FAILED EFFORTS TO INTERFERE WITH COURT RULING KEEP AIR TANZANIA’S PLANE ON THE GROUND
(Posted 01st September 2019)
(Impounded Air Tanzania Airbus A220 seen yesterday under lock and key in Johannesburg)
ATCNews had reported about the seizure of an aircraft owned by the Tanzanian government after landing in Johannesburg, at the time leaning towards suggestions that an old debt, which is still being claimed for that matter, by South African Airways, was the cause for the legal action.
It later then emerged that it was in fact a case brought against the Tanzanian government over the expropriation and nationalisation of property owned by a South African national, dating back decades.
The Tanzanian government opted to own the aircraft procured by them, vest them in a different parastatal body and then lease them on to Air Tanzania. The reason for that was that aircraft owned by Air Tanzania would be under threat over their own massive legacy debts and could face confiscation in several jurisdictions.
The Tanzanian government had to go through a similarily embarassing situation when a newly purchased Bombardier Q400 was impounded in Canada prior to the delivery flight, also for debt owed by Tanzania to the private sector.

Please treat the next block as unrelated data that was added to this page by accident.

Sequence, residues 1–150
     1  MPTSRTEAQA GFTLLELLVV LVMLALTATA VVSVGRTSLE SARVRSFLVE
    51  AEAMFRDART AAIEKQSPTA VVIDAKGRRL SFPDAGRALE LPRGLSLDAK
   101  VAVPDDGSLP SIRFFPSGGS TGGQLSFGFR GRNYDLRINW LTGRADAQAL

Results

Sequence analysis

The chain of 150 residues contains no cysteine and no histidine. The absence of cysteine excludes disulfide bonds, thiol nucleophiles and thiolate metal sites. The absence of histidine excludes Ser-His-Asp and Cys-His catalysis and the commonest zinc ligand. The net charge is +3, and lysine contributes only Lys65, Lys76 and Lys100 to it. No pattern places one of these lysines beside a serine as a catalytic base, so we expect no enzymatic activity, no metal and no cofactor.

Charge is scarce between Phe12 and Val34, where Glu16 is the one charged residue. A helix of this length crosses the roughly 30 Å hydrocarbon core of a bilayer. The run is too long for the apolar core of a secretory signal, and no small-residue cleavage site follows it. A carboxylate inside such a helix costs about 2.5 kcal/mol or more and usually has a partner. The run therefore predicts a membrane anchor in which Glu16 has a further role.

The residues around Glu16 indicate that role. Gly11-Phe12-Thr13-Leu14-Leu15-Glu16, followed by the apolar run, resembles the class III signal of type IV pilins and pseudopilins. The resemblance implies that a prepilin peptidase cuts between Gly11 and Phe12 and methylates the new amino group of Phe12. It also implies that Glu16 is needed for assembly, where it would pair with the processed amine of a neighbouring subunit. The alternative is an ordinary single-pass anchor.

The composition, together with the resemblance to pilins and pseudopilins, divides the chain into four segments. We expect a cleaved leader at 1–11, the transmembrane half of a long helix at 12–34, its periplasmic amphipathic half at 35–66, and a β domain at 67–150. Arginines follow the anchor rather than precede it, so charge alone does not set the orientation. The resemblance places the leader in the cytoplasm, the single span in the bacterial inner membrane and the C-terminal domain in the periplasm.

The situation was eventually resolved after several months and similar efforts are now taking place to get the impounded Airbus A220 released in South Africa.
Diplomatic intervention to have the court order overturned however have so far failed as the South African judiciary is not subject to instructions from above and due process is required, including petitioning the High Court, going as far as a full hearing to determine the merits of an application to free the aircraft.
Given the massive nature of the claim against the Tanzanian government however they may have to put up a cash deposit – too many failed assurances of payment have made their word almost worthless when it comes to such cases – in order to have the aircraft released, after which the case and claim brought against them can then unfold in court.
Watch this space.